[NOTE: It’s an early-morning travel day for some of the ym360 Team, as we’re headed to an awesome youth ministry conference. As such, we’re rerunning a previously posted article, one that generated a lot of great conversation. Hope you enjoy (and add your thoughts in the comment section below). Back with fresh content tomorrow!)
Stop telling your students to invite their friends to church.
Well, wait. … Don’t do that. I’m getting ahead of myself. …
Let me start over. …
Somewhere along the way, we began to communicate to students that the best way (or maybe even the only way) to help introduce their peers to Christ was to simply invite them to church. (My hunch is that this emerged out of the program-centered mentality of the church-growth movement, though I can’t say for sure.) This mindset is well-intentioned and innocent enough. After all, church is where we talk about Jesus. It’s where we worship. It’s the gathering of the Body of Christ! What better place to bring people to get them saved, right?
Telling your teenagers to invite their friends who don’t know Christ to youth group isn’t wrong, per se. But as a PRIMARY (or worse, THE primary) strategy for encouraging your students to share the Gospel, it’s actually not your best foot forward.
And yet, the mentality is pervasive. If I’m being transparent, I’m guilty of it myself. There have been times in the past where, in the context of a discussion on sharing the Gospel, I’ve encouraged students to get their non-Christian friends to youth group. I bet you have, as well. I mean, there’s a good chance you said it last night or last week.
Again … am I saying this is wrong? Of course not! Should we want our students to involve friends who don’t have a relationship with Christ in our ministries? Of course we should. So what’s the problem?
The problem is when this becomes the main thing our students hear when we talk about evangelism.
Here’s what I mean …
It’s Not Very Biblical—We can search Scripture all day looking for examples of Jesus telling His followers to bring people to their local churches to get saved. What we will find is virtually zero examples of this. But we will find example after example of Jesus modeling an evangelism that passes through individuals. The biblical model of Gospel spreading is not through programmed presentations, but through personal interactions.
It’s Not Very Effective—There is a massive body of research showing that Millennials in large part have a distrust of institutions and authority. (Books like You Lost Me by David Kinnaman express this very effectively.) Couple this with study after study (such as the one referenced in this USA Today article) showing our culture becoming increasingly nonreligious, and you have a mountain of factors working against a “you bring ‘em, we’ll save ‘em” mentality.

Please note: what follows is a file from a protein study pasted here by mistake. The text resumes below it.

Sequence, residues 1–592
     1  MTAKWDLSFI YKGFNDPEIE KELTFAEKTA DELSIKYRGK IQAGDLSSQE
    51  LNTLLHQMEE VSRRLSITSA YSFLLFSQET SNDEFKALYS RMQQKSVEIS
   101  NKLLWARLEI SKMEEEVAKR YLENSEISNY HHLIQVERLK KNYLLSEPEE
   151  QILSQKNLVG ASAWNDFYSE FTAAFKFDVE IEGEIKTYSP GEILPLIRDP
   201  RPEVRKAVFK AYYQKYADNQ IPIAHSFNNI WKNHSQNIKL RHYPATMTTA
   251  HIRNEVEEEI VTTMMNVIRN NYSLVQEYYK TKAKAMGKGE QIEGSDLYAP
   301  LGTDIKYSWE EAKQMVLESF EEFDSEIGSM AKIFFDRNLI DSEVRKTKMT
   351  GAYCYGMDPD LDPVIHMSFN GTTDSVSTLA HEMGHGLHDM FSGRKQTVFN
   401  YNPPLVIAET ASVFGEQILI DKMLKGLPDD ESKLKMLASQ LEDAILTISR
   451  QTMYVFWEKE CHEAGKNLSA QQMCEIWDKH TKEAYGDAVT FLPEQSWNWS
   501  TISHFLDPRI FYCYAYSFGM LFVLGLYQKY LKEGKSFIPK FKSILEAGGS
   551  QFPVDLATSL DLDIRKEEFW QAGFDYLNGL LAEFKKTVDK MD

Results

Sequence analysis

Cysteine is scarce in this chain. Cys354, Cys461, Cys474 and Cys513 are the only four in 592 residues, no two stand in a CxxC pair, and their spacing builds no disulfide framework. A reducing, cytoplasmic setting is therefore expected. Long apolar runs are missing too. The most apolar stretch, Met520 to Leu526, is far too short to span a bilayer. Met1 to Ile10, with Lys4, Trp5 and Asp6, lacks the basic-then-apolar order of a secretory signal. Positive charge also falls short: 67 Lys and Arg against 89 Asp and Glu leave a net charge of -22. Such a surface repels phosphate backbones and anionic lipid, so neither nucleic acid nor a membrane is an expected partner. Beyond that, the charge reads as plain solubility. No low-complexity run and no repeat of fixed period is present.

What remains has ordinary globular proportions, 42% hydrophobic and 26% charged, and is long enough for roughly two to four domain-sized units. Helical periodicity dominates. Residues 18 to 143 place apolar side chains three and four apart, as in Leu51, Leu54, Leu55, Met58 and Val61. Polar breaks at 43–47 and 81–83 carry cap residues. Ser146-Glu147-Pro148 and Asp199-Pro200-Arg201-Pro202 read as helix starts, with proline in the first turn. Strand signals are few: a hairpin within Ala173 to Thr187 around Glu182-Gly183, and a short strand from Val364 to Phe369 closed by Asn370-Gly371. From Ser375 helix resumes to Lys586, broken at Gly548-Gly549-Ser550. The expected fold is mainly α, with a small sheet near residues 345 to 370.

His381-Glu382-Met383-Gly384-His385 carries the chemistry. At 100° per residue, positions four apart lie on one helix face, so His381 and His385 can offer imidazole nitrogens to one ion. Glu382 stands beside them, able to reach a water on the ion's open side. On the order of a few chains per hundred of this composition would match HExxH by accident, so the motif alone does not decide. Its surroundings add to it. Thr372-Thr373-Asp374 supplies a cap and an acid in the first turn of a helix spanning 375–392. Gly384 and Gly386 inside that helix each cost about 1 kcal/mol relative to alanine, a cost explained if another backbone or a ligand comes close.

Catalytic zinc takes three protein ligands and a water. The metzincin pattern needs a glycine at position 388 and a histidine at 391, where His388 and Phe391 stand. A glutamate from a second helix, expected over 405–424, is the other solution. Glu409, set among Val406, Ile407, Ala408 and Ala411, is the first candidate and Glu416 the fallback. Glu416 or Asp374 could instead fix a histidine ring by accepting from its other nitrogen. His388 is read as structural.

It’s Kind of Arrogant—This is the one that gets me. None of us would ever do it on purpose, I don’t think. But when our main evangelistic strategy is to tell kids to bring their friends to church, we’re subconsciously saying, “Leave the real work to the professionals. This is adult stuff.”
So, I don’t want to be that guy, the guy that throws stones but doesn’t offer solutions. Here are a couple of thoughts on what I believe is a better way.
Community First, Institution Second
Listen, we want teenagers who are apart from Christ to know Him, and to experience His Kingdom on this earth. What better way to do that than challenging your students to engage friends who don’t follow Christ in real relationship long before they invite them to church. Empower them to invite their peers into their community so that they experience the difference Christ makes in their lives for themselves.
What if those three or four girls who are best friends began doing life with the girl on their cheerleading squad who doesn’t know Christ? What if this girl experienced what Christ-centered community was really like by simply being real friends with girls who are living for Christ? Isn’t this a better first approach than asking these girls to start by inviting their friend to a Wednesday-night worship service?
Better yet, what if you were to change your programming to push “church” out of the buildings and into places where your teenagers actually live their lives? What if your small groups occasionally (and strategically) met at the mall food-court, or the coffee shop, or the park behind the ball fields? How much easier would it be for an “outsider” to take a chance in this environment as opposed to the formal, and intimidating, environment of navigating your church’s campus and culture?
So, those two tips are a start. There’s certainly more to be said. But I want to hear what you think. Do you think I’m missing it? Or that I’m not going far enough?
At the end of the day, I simply believe it’s high time for many of us to stop operating like the best first step to the faith is coming to a church service.
What do you think?